Research provides new way of looking at rain forests

The financial health of utility companies and the survival of tropical rain forests don’t look like related issues. But are they?

The Southern Company is spending $300,000 to find out. The company believes the money, awarded to the Smithsonian Tropical Research Institute, will help researchers learn more about how trees absorb carbon dioxide, storing it away as wood fiber -- and whether this process can offset carbon dioxide emissions from power plants thousands of miles away.

Such data could be of enormous use to an industry wrestling with how to control carbon dioxide emissions while avoiding costly control measures that can impede economic development.

"If absorption of carbon dioxide by trees is quantifiable, we should be able to come up with a formula saying something like, ‘X number of trees equals Y pounds of carbon dioxide eliminated,’ " said Bob Woodall, The Southern Company’s vice president of environmental policy. "That’s oversimplifying the formula, but it’s basically how the concept would work."

Tree planting already is popular with utilities seeking to show their environmental good will. Hard data about the value those trees have in "sequestering" -- that is, removing -- carbon dioxide from the air would help utilities show just how much of a contribution those newly planted trees are making.

It’s not new science. Researchers know that trees absorb carbon dioxide, and for years have had a rough idea of how much is absorbed and converted to wood fiber. More precise numbers are needed, however, if utilities want to show a direct relationship between emissions and the planting or preservation of trees.

Such enhanced data also could place new value on the rain forests, which have been shrinking in parts of the world.

The study, funded by The Southern Company in October 1994, will continue through 1997 in Panama, Ecuador, Sri Lanka, and other parts of a worldwide network of research sites overseen by the Institute’s Center for Tropical Forest Science. While looking at the long-term benefits of tropical forests, the Smithsonian scientists will try to determine whether an economic argument can be made for preserving rain forests because of their carbon sequestration abilities. A team of Harvard economists will help with the study.

Theodore Panayotou, director of the International Environment Program at Harvard University’s Institute for International Development, believes carbon sequestration has been grossly undervalued, and plans to test his theory with data obtained in the study.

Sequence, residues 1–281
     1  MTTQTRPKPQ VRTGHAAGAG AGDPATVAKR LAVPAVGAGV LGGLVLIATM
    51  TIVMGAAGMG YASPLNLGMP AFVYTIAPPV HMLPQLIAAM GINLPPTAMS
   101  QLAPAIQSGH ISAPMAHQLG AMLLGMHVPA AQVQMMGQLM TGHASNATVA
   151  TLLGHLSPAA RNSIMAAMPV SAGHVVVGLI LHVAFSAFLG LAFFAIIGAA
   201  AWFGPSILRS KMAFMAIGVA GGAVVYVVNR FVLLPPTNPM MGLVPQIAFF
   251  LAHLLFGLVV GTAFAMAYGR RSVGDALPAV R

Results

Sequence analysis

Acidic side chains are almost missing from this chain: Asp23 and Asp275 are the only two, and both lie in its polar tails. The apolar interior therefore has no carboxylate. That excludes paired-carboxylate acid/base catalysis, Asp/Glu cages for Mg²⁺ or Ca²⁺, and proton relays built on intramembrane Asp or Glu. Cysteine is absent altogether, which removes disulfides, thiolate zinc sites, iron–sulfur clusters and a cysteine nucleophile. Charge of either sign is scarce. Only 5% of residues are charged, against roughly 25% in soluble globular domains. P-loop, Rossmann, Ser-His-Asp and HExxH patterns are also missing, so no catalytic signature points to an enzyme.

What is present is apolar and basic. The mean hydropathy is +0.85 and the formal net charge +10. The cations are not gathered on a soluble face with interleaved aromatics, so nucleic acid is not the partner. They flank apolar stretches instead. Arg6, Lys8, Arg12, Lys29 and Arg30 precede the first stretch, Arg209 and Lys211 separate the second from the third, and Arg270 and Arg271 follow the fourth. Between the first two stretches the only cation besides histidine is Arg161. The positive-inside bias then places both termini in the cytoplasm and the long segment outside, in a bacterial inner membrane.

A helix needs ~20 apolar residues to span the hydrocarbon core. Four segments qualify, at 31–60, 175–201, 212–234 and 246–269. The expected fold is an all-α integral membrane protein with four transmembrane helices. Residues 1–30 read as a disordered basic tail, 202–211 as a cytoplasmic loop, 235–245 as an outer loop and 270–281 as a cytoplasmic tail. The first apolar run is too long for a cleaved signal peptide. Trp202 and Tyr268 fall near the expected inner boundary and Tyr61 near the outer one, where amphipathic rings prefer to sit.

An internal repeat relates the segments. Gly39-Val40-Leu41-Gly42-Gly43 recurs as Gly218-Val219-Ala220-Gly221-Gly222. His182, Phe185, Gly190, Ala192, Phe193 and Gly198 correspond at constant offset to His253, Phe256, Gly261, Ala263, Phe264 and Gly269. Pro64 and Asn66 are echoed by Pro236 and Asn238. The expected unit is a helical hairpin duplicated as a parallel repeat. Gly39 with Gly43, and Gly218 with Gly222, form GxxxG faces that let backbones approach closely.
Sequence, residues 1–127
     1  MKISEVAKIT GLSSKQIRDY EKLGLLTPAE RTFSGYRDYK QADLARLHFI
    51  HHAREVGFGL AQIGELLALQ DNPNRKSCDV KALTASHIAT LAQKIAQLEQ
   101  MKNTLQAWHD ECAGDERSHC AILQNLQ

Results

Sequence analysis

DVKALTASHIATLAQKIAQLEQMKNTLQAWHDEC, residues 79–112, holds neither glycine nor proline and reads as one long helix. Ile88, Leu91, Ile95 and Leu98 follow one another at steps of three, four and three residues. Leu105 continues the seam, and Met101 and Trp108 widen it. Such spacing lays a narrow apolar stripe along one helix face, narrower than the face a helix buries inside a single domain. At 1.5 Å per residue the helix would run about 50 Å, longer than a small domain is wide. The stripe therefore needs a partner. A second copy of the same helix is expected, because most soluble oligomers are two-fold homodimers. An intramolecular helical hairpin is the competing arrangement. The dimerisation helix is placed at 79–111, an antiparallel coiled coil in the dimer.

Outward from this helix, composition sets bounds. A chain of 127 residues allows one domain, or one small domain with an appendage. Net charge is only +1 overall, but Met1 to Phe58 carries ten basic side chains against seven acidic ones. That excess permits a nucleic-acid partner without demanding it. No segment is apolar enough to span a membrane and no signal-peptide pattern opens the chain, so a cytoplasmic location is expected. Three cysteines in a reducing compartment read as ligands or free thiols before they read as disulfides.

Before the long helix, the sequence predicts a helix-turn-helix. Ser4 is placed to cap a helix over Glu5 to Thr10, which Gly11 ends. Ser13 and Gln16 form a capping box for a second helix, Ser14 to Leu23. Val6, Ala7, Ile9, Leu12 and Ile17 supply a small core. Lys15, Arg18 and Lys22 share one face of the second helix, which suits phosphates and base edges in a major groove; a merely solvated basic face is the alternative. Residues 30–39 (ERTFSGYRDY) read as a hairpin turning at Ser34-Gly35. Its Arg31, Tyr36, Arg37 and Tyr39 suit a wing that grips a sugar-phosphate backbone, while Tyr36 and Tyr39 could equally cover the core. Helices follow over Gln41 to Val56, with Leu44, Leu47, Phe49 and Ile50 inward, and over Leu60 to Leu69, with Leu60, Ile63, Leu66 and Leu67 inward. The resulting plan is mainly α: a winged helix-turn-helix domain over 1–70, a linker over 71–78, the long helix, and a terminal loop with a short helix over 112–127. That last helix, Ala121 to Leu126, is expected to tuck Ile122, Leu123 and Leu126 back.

He has rough numbers already. There are three basic uses of rain forests, he said: You can clear them for agriculture, you can use them for controlled, sustainable timber production, or you can preserve them.

Without carbon sequestration numbers, the economic value of a rain forest seems in most cases to lie in clearing the land for agriculture and selling the wood. His research shows land conversion is worth about $3,000 a hectare, compared to $2,000 a hectare for sustainable timber use and $1,500 a hectare for preservation, which covers the value of soil and water conservation, tourism, and biodiversity, as well as other environmental factors.

But those figures don’t account for the value of carbon sequestration in a world increasingly worried about the potential impact of greenhouse gases. Carbon sequestration alone is worth about $3,000 a hectare, Panayotou theorizes, bringing the value of preservation to $4,500 a hectare.

"It turns out carbon sequestration is the dominant value," Panayotou said. Definite proof of that value could lead to bottom-line results for utilities. Electric utilities are dealing with the issue at a time when demand for electricity -- and consequently, carbon dioxide emissions -- is increasing.

The Southern Company (NYSE:SO) is the parent firm of five electric utilities: Alabama Power, Georgia Power, Gulf Power, Mississippi Power, and Savannah Electric. Other subsidiaries include Southern Electric International, Southern Nuclear, and Southern Company Services. The Southern Company’s common stock is one of the 20 most widely held corporate stocks in America.

Reduction of carbon dioxide emissions now comes by finding ways to reduce demand or switching to lower carbon fuels, which generally are more expensive and sometimes unavailable. Both methods bring added costs, a serious problem for an industry also facing increasing competitiveness.

The project also could help utilities comply with voluntary or government mandated restrictions on carbon dioxide emissions. Data from the Smithsonian even could lead to a system of utility credits for forest preservation and tree planting, similar to the sulfur dioxide allowance trading system now in use as a means of combating acid rain, Woodall said.

Big questions remain beyond this study, however. What trees, or mix of trees, work best? Which is better, preserving old forests or planting new ones?

The answers aren’t simple. Many conservation groups favor preservation of mature forests. Others favor replanting abandoned land.

"It’s not traditional to think of corporations as environmental activists. But in this case we’re looking at some fairly traditional environmental issues," Woodall said. "As we begin to get new data out of this study, utilities could become a major force in the greening of the planet."


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